Bogdanovic is in the first year of a three-year, $11 million deal, which isn’t bad for a guy playing nearly 25 minutes a night and scoring 8.4 points per game. There is a lot of potential in his game, if developed in the right setting — he’s a good shooter out on the wing who works well off the ball. He seems to have regressed this season, but how much of that is due to the Nets and their guard play (and just generally struggling) is up for debate.

Is there going to be interest in him? Probably. As always, it is about the price, what the Nets will demand. Whether the Nets can get anything back they want is up for debate.

Right now a lot of GMs are testing the waters for players, judging the market. That is a long way from a trade happening. But don’t be shocked if the Nets make a deal or two before the February deadline.

Just a reminder that Joakim Noah would like some more run

Joakim Noah
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Joakim Noah is playing 20.6 minutes a night coming off the bench for Fred Hoiberg and the Chicago Bulls this season.

And he doesn’t like it. He wants more run. He was getting 10 minutes more a night last season under Tom Thibodeau, and Noah wants some of those minutes back. Nick Friedel of ESPN sent out a tweet that was a reminder of just that.

Three thoughts here.

1) Reducing minutes for guys who battle injuries every season by the time the playoffs roll around was one huge reason Fred Hoiberg was brought in to coach the Bulls and Tom Thibodeau was shown the door. This isn’t just Hoiberg, the minutes reduction comes from management. While it is possible Noah’s spot in the rotation shifts (he could start at some point) and he might get a little more run, the Thibodeau era is gone.

2) There are legit reasons for Noah to want to play. First, he is a competitor who doesn’t like sitting. Second, the Bulls’ defense is elite when he plays (allowing 95.5 points per 100 possessions) and the Bulls outscore opponents by 1.3 per 100 when he plays. Finally, Noah is in the final year of his contract and scoring just 3.1 points per game is not going to help him earn more cash in the next deal.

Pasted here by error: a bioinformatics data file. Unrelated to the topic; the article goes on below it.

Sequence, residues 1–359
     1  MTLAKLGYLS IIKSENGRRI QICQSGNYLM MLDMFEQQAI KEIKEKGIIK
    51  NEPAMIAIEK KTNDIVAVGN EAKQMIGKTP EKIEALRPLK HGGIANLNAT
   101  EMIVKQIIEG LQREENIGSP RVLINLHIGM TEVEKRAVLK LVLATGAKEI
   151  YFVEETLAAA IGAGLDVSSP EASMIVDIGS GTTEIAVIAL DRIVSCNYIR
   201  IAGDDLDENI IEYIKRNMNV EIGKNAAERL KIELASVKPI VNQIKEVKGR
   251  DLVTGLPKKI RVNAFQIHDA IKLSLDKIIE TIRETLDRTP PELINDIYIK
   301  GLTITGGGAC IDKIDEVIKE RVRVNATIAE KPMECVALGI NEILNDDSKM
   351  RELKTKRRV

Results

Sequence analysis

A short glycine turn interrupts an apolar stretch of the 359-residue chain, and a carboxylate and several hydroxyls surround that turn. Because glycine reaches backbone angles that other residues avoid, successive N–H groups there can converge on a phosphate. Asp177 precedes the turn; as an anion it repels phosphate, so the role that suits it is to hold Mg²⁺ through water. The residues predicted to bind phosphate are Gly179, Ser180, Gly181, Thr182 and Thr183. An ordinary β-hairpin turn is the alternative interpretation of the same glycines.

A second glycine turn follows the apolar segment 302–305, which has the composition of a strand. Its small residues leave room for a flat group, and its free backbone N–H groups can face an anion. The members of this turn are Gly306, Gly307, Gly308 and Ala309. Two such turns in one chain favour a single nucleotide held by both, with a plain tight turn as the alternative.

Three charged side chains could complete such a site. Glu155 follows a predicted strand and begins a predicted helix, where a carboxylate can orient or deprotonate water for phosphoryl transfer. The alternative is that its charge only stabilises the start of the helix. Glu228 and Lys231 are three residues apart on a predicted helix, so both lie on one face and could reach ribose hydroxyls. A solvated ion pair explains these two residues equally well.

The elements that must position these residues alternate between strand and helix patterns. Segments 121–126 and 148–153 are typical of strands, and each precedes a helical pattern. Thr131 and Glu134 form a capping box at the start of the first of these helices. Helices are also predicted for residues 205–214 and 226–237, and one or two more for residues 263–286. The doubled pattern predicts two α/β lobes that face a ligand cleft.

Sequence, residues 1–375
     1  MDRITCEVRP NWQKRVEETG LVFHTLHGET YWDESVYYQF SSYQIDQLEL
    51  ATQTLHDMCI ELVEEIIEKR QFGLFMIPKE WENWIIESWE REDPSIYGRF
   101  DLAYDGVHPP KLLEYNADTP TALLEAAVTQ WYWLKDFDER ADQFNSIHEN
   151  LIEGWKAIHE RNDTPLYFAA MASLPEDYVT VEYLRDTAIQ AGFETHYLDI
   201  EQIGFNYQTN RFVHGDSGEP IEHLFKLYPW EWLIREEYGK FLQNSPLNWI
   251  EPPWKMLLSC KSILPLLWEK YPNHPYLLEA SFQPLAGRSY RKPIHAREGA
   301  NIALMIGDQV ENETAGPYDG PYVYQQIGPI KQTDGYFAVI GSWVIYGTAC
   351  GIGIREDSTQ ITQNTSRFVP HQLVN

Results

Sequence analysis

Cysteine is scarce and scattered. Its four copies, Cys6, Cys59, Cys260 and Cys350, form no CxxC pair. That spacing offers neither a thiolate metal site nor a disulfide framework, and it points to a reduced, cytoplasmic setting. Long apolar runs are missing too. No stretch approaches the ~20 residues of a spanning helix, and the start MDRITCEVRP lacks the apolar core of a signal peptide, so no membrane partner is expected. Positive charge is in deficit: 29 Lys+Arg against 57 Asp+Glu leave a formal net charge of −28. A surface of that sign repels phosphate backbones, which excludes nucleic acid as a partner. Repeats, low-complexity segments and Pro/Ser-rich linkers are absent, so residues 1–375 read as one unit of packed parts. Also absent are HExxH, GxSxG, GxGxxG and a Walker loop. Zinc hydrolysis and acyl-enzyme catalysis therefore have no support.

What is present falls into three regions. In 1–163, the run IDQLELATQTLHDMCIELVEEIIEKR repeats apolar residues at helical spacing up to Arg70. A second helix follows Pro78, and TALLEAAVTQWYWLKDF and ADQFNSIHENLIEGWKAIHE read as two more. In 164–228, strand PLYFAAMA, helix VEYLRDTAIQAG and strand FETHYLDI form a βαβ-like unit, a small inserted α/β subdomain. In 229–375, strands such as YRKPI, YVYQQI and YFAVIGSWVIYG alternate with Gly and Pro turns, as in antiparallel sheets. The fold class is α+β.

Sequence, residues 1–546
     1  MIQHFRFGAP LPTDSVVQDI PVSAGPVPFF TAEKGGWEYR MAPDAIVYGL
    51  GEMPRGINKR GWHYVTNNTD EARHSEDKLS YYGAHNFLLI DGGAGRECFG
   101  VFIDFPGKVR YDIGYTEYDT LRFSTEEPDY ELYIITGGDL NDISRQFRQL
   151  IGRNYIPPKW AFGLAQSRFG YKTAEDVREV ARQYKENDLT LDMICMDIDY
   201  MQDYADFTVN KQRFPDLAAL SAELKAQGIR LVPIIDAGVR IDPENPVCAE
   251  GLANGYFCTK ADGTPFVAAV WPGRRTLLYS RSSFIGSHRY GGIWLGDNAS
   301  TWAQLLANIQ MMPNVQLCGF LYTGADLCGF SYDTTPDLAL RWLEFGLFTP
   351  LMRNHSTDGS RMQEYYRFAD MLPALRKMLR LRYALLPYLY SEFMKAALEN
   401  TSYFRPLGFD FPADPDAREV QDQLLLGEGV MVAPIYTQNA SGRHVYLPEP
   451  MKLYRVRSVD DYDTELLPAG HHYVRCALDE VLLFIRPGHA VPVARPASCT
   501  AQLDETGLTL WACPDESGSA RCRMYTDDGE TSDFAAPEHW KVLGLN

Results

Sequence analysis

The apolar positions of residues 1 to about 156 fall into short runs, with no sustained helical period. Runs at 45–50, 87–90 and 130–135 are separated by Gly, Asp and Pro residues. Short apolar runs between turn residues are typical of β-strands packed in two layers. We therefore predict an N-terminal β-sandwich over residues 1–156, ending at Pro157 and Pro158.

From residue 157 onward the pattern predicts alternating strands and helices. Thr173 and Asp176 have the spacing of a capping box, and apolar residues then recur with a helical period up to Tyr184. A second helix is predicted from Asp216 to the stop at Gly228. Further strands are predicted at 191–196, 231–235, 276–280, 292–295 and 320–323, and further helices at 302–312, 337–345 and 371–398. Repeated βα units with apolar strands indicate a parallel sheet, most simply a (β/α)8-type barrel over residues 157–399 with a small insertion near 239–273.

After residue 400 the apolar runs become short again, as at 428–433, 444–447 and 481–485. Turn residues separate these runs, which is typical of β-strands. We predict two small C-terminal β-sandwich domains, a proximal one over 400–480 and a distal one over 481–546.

3) Barring injury to another big, don’t expect a change.

Jimmer Fredette scores 37 in D-League debut while Floyd Mayweather watches

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You can’t make this stuff up.

After being cut by the Spurs during training camp, Jimmer Fredette decided to stay stateside and play in the D-League, looking for a way back into and another chance in the NBA (the banged up Pelicans picked him up for four games but released him again). Fredette put up impressive numbers in his debut with the Westchester Knicks (the New York Knicks affiliate), scoring 37 points on 12-of-17 shooting, hitting a couple of threes and getting to the line a dozen times.

All while boxer Floyd Mayweather looked on from courtside (Mayweather was there to see buddy Jordan Crawford).

If Fredette keeps putting up numbers, maybe he gets a call up. But nothing is seriously going to change for Fredette unless his defense improves markedly — that has always been the big problem, and not always one exploited the same way in the D-League. He is on the low end of the athleticism scale for the NBA (not college) and that has led teams to just target him when he comes in games. There is no mercy in the NBA, and Fredette has been the gazelle outside the herd that becomes the clear target.

But he’s had a good D-League game, it’s a start on a road back.